Jesus prayed for God to bring his people where he is. 

  1. Protection from the evil one
  2. Purification from Sin 
  3. Unification with God and each other 
  4. Transportation to him forever. 

He wanted them to be not only united in Spirit but eventually in person. Look at verse 24, 


Father, I desire that they also, whom you have given me, may be with me where I am, to see my glory that you have given me because you loved me before the foundation of the world. (John 17:24) 


Jesus wanted us with him to see him. The four requests for protection, purification, unification, and transportation are made possible because of the cross and substitutionary atonement. Jesus took our place. He was our substitute. Ephesians chapter 2, starting at verse 13, expands on this radical unity with God and each other.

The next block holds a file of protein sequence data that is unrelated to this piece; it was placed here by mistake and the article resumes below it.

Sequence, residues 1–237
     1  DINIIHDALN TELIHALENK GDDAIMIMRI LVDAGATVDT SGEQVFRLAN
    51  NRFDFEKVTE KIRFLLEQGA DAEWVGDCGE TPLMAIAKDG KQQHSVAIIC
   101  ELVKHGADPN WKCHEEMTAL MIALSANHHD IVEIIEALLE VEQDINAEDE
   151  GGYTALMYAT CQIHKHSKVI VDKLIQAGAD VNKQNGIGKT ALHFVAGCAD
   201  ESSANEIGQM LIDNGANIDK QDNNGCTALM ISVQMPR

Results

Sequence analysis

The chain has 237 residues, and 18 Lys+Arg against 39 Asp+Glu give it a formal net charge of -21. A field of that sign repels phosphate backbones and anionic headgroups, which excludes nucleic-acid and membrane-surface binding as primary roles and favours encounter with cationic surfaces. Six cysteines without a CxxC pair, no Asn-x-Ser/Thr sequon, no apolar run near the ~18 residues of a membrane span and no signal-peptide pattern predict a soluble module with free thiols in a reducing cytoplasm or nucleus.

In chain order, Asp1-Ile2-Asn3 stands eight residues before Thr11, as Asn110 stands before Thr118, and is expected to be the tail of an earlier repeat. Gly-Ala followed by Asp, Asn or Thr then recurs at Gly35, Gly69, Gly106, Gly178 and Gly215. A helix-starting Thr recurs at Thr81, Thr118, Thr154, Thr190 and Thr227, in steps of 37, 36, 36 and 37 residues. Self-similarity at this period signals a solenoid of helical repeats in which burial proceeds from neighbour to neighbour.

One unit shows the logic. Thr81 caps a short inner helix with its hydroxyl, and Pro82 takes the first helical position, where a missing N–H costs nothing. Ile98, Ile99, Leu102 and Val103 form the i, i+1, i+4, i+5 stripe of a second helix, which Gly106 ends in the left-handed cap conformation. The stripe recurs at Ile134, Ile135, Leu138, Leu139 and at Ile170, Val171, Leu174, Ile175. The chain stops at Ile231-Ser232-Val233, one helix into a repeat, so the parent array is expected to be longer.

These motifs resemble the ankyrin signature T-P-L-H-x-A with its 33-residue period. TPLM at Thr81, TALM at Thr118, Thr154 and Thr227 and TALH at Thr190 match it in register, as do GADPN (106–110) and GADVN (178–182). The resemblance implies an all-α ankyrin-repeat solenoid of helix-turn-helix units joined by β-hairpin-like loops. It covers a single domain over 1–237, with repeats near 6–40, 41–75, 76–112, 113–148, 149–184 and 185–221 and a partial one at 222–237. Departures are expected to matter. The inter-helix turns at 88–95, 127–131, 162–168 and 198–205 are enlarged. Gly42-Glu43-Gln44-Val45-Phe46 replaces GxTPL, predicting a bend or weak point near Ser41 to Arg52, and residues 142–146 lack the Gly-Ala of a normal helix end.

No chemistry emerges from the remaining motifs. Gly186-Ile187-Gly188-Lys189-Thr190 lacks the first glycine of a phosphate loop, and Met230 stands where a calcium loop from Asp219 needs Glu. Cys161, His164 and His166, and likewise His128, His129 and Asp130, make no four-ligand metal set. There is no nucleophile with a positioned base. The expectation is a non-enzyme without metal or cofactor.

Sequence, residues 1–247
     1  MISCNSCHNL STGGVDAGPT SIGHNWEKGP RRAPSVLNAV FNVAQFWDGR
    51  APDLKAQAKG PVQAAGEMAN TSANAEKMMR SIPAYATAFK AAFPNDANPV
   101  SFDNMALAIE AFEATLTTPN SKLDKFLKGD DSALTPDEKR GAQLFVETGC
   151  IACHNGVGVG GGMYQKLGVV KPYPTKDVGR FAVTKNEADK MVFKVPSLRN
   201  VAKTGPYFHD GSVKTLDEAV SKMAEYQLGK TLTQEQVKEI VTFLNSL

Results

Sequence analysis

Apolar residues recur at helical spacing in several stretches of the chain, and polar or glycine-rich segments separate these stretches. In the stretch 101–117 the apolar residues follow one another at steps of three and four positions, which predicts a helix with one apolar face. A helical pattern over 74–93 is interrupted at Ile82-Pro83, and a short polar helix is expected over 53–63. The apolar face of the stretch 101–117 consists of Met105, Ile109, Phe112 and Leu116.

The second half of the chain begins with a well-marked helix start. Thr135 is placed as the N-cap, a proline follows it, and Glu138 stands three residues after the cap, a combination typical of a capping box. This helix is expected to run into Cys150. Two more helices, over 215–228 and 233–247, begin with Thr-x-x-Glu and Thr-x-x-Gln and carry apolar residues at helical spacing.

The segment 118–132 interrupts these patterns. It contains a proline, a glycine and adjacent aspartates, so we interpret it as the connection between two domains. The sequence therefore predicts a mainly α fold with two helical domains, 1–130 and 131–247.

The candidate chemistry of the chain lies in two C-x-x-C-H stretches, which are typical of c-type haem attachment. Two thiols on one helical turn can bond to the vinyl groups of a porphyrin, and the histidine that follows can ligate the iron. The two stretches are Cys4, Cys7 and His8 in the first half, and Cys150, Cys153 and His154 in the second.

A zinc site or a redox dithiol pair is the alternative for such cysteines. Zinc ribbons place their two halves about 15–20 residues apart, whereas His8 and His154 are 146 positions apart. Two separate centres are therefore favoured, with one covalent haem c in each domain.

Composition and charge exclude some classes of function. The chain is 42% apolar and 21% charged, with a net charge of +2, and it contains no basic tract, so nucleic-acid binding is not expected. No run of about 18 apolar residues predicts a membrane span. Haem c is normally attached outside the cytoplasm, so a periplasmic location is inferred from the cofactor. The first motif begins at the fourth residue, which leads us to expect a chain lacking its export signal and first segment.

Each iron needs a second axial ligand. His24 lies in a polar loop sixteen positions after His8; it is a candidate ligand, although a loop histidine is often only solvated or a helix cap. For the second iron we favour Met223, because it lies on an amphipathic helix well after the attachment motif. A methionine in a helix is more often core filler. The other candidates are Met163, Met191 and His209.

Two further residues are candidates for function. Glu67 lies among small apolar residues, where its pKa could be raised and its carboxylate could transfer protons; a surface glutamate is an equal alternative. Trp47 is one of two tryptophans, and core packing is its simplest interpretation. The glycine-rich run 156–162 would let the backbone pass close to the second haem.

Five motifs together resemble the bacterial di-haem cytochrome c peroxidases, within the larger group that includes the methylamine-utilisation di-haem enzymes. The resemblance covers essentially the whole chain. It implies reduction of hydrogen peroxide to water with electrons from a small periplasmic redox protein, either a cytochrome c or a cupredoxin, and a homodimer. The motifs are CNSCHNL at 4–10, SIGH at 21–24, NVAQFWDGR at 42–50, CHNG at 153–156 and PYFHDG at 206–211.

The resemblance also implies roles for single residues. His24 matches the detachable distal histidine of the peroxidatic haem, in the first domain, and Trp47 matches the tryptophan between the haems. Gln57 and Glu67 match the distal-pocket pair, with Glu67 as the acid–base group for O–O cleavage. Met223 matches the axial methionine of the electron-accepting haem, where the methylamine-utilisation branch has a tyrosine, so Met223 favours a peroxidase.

But now in Christ Jesus you who once were far off have been brought near by the blood of Christ. For he himself is our peace, who has made us both one and has broken down in his flesh the dividing wall of hostility by abolishing the law of commandments expressed in ordinances, that he might create in himself one new man in place of the two, so making peace, and might reconcile us both to God in one body through the cross, thereby killing the hostility. And he came and preached peace to you who were far off and peace to those who were near. For through him we both have access in one Spirit to the Father. So then you are no longer strangers and aliens, but you are fellow citizens with the saints and members of the household of God, built on the foundation of the apostles and prophets, Christ Jesus himself being the cornerstone, in whom the whole structure, being joined together, grows into a holy temple in the Lord. In him you also are being built together into a dwelling place for God by the Spirit. (Ephesians 2:13–22)